Here is where thoughtful people part company. Darwinists assert that their theory can explain the appearance of design in life as the result of random mutation and natural selection acting over immense stretches of time. Some scientists, however, think the Darwinists' confidence is unjustified. They note that although natural selection can explain some aspects of biology, there are no research studies indicating that Darwinian processes can make molecular machines of the complexity we find in the cell.
Nonsense, of course there are. Anyway, who are these “some scientists”? Here are some named Steve who disagree.
Scientists skeptical of Darwinian claims include many who have no truck with ideas of intelligent design, like those who advocate an idea called complexity theory, which envisions life self-organizing in roughly the same way that a hurricane does, and ones who think organisms in some sense can design themselves.
Here is another attempt to claim that many scientists disagree with evolution, with a red herring about complexity theory.
The fourth claim in the design argument is also controversial: in the absence of any convincing non-design explanation,
Except of course, there is no absence of such an explanation. Still, let’s pretend for now that there is such an absence. Just for fun…
we are justified in thinking that real intelligent design was involved in life.
BZTTT, wrong answer. Thanks for playing. Here we have a fundamental error in thinking. Behe states that we have no explanation for the complexity of life we observe. In other words, we lack information of how it happened. He draws the conclusion that there must be a designer. Here is the problem with this: you can’t draw any conclusions from a lack of information. Isn’t that obvious? Richard Dawkins called it Argument From Personal Incredulity – “I don’t see how it happened so it couldn’t have happened that way”. It’s more formally known as Argument From Ignorance – “I am ignorant of how it happened so it was caused by _______” (and here you insert your preferred explanation: God, a designer, aliens, whatever). Whatever you call it, it’s a logical fallacy – you don’t reach the conclusion from the arguments presented.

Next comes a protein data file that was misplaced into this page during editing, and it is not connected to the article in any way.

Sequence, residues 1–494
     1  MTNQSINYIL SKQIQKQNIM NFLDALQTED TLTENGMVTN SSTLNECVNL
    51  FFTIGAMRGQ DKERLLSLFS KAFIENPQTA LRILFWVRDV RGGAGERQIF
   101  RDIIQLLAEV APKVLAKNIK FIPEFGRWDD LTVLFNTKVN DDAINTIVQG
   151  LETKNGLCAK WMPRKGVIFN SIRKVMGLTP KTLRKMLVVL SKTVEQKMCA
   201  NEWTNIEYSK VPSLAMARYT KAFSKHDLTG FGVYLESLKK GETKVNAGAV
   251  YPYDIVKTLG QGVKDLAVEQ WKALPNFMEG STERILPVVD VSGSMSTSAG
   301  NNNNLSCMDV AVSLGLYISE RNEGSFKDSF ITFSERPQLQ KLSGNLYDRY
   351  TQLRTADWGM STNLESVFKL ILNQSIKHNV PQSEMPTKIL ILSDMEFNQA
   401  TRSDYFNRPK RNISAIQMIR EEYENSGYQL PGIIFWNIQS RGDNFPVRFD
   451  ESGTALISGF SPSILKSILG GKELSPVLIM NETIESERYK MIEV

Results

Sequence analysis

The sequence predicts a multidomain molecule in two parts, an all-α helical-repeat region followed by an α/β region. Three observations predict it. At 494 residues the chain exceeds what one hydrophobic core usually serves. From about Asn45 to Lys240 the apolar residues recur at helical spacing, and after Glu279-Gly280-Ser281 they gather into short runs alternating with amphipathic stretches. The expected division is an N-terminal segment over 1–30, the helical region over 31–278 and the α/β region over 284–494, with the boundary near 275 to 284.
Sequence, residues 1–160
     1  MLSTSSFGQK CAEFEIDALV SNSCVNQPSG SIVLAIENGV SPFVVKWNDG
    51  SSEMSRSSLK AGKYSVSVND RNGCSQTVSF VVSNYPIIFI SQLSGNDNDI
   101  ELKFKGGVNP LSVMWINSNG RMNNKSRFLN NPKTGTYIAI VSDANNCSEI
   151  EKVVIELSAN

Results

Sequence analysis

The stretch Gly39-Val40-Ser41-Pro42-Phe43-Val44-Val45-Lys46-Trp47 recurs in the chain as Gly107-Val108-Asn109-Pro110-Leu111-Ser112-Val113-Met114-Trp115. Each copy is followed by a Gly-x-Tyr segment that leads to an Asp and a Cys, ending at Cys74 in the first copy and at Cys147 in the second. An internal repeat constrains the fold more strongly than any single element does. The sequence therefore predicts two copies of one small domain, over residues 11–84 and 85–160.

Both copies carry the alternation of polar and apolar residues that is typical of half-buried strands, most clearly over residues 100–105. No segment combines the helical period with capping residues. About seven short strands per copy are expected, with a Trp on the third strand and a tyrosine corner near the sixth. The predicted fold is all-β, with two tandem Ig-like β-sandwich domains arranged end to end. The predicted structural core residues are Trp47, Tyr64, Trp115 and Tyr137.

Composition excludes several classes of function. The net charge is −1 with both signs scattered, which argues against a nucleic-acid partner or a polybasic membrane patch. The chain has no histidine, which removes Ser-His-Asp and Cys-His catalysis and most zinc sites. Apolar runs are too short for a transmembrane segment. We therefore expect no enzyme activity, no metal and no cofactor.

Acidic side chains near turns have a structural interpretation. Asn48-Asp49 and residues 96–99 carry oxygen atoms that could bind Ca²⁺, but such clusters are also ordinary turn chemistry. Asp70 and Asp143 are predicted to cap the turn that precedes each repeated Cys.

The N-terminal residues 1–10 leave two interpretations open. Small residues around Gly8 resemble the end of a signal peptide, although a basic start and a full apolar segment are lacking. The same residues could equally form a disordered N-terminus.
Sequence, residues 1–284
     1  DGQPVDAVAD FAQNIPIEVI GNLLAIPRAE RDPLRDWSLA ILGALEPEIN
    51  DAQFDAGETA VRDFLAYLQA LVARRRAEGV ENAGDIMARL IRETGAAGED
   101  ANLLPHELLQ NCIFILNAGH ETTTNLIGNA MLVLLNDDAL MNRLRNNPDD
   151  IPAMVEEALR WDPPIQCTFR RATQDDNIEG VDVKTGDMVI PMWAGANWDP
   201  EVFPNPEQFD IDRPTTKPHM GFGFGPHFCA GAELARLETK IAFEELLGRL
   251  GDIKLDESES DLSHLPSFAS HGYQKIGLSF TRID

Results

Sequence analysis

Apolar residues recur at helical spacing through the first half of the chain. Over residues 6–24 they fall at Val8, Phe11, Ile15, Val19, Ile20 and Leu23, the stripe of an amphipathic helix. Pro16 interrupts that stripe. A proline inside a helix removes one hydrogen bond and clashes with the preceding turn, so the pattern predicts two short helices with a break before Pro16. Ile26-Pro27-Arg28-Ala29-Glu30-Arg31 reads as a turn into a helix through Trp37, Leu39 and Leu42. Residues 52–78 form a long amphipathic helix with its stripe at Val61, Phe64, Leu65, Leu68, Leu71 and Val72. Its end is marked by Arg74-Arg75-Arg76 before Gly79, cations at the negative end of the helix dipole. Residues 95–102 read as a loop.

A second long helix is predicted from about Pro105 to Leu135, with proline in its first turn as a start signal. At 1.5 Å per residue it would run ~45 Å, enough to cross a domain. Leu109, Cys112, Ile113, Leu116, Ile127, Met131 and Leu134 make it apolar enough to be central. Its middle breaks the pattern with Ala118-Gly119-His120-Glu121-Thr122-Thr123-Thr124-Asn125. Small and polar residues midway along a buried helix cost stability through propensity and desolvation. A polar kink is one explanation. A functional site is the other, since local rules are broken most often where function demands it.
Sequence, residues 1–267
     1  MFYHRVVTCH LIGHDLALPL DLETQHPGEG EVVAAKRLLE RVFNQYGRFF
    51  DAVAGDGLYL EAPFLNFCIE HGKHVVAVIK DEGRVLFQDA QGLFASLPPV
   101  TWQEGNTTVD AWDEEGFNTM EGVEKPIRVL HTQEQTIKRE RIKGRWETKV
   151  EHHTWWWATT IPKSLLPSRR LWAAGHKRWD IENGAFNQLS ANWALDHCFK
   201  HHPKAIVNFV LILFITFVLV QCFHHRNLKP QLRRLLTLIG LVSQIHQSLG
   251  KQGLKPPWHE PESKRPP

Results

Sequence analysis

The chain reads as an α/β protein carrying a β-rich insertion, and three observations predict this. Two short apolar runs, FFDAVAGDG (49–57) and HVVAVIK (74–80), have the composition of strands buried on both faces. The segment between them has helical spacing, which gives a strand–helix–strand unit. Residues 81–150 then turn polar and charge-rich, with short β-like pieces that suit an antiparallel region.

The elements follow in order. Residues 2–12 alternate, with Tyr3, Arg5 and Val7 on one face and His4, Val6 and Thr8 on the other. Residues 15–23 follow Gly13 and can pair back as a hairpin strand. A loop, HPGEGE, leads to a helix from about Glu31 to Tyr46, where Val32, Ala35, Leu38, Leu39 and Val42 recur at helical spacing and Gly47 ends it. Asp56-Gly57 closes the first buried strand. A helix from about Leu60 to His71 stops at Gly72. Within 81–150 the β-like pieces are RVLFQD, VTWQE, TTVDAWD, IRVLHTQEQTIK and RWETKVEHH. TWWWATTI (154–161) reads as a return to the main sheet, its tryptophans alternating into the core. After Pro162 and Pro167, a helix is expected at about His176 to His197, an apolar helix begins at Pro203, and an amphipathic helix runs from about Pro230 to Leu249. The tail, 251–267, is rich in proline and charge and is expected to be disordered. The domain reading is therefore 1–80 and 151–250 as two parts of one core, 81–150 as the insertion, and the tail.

To evaluate this claim, it's important to keep in mind that it is the profound appearance of design in life that everyone is laboring to explain, not the appearance of natural selection or the appearance of self-organization.
No, just Behe, not “everyone”, is attempting to explain the "appearance" of design. This is Behe’s attempt to frame the argument to his liking. Actually, what evolution explains is how the observed complexity of life came about. And it does explain that, very well. The “appearance of design” is just Behe’s flawed analogy again.
The strong appearance of design allows a disarmingly simple argument: if it looks, walks and quacks like a duck, then, absent compelling evidence to the contrary, we have warrant to conclude it's a duck. Design should not be overlooked simply because it's so obvious.
Still, some critics claim that science by definition can't accept design, while others argue that science should keep looking for another explanation in case one is out there. But we can't settle questions about reality with definitions, nor does it seem useful to search relentlessly for a non-design explanation of Mount Rushmore. Besides, whatever special restrictions scientists adopt for themselves don't bind the public, which polls show, overwhelmingly, and sensibly, thinks that life was designed. And so do many scientists who see roles for both the messiness of evolution and the elegance of design.
A paragraph of drivel closing with an Appeal To Popularity – lots of people believe in it so it must be true. What a lame argument from a supposed scientist.
No new arguments, no new evidence. After all these years and this is the best ID has to offer? What more proof do we need that ID is bankrupt?